Recent data support the role of efferent, vagus nerve outflow as a regulator of systemic proinflammatory mediator activity during inflammation and infection (42). As an effector arm of the parasympathetic nervous system, vagal activity may regulate inflammation through several mechanisms. Vagus nerve efferent signals have been shown to reduce production of the proinflammatory cytokine TNF-α via acetylcholine binding to the α-7 subunits of nicotinic receptors on mononuclear phagocytes of the reticuloendothelial system (28, 42, 43). Vagotomy has been demonstrated experimentally to enhance proinflammatory cytokine release in a murine model of i.p. sepsis (44). Pharmacologic activation of nicotinic receptors has also been shown to reduce TNF-α release from alveolar macrophages exposed to LPS (45). We have also recently confirmed that antecedent transcutaneous administration of the known α-7 agonist, nicotine, reduced systemic phenotype and proinflammatory mediator responses to endotoxin in humans (37).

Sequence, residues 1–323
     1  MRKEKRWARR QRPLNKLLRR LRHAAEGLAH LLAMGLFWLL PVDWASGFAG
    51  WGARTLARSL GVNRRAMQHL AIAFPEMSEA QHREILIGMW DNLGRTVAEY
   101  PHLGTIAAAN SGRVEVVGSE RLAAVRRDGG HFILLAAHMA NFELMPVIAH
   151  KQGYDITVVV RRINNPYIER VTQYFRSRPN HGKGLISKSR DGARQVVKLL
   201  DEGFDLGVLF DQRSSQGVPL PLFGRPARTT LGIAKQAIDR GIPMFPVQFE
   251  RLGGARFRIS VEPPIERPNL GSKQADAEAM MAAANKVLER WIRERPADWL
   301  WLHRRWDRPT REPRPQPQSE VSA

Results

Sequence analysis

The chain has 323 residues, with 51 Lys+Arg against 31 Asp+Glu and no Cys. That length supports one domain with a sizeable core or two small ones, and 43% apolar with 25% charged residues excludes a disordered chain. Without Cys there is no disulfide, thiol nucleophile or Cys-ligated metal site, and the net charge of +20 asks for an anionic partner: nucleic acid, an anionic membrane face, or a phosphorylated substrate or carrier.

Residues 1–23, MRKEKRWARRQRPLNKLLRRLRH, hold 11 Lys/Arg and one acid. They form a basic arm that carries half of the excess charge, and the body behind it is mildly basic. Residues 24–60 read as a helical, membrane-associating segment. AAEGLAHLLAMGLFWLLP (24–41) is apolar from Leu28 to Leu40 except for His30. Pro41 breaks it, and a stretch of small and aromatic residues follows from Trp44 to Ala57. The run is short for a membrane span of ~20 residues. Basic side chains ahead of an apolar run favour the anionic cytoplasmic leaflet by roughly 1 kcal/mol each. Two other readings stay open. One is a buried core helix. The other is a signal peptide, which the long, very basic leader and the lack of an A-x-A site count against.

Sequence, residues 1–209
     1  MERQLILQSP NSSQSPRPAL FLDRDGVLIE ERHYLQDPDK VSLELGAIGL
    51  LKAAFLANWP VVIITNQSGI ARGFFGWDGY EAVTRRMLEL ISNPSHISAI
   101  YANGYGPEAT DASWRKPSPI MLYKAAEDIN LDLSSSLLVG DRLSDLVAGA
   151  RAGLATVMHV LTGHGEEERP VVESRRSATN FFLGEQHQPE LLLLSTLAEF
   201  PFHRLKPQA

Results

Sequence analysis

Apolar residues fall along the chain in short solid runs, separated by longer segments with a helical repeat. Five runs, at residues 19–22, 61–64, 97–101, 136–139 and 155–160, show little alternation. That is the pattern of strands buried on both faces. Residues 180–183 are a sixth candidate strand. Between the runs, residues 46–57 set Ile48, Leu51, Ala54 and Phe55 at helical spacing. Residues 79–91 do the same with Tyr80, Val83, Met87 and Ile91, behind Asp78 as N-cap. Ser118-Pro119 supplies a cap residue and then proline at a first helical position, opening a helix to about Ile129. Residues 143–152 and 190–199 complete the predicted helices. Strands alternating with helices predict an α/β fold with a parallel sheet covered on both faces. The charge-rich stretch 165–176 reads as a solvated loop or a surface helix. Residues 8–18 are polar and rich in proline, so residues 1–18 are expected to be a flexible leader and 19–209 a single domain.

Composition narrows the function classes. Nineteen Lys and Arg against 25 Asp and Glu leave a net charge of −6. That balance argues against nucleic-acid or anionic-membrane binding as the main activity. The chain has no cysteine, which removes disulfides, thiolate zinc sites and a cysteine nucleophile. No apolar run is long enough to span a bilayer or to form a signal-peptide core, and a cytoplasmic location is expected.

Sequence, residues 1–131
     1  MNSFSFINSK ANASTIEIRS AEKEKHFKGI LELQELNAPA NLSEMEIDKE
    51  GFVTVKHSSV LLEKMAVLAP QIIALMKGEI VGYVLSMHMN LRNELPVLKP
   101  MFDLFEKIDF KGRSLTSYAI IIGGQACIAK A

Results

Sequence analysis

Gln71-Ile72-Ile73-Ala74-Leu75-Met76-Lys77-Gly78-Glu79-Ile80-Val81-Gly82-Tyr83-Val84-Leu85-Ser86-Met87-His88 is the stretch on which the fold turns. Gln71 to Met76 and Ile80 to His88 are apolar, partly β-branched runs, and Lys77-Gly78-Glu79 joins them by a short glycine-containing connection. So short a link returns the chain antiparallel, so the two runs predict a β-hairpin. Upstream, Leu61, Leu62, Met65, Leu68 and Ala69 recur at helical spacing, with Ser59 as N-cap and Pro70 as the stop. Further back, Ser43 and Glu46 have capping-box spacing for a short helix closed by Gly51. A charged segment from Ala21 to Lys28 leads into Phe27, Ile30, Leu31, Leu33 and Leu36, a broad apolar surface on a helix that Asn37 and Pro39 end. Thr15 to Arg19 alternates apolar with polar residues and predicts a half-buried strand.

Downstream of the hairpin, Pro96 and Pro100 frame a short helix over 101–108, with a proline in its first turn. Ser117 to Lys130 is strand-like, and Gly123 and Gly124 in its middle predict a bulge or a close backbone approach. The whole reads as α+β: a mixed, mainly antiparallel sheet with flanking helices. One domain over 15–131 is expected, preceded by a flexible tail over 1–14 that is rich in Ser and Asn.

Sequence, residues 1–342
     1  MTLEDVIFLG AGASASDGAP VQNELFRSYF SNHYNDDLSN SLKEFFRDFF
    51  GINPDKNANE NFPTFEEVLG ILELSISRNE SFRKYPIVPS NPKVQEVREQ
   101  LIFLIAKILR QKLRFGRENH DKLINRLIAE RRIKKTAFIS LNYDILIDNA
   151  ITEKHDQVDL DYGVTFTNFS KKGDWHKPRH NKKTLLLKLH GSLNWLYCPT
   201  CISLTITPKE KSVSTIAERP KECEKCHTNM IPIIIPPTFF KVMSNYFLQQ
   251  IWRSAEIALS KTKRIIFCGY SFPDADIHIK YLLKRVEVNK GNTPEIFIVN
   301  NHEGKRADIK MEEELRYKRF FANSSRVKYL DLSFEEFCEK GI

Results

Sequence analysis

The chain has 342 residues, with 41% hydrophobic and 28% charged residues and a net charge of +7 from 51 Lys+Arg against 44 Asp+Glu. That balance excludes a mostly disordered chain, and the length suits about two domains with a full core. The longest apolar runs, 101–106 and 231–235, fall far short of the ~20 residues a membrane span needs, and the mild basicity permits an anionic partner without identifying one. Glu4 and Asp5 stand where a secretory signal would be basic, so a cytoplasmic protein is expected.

Both parasympathetic and sympathetic nervous system activity contribute to protective host responses during systemic inflammation and sepsis. Although parasympathetic activity may exert anti-inflammatory effects through vagally mediated anti-inflammatory pathways (28), sympathetic activity is also of importance in regulating vascular tone during sepsis (46). The influence of both of these systems can be estimated by parameters of HRV (15). Observations in the literature are divided as to whether relative parasympathetic (28) or sympathetic predominance (22) is beneficial during stress. Interestingly in critically ill patients, increased parasympathetic tone and decreased sympathetic tone have been associated with mortality (22), and specific parameters of HRV measuring parasympathetic tone (HF, pNN50) have been identified as independent predictors of mortality (22) and development of septic shock (23). Other measures of the complex interaction between sympathovagal balance and other regulatory systems, such as those reflected in very low frequency variability, have also been suggested to associate with outcome (47).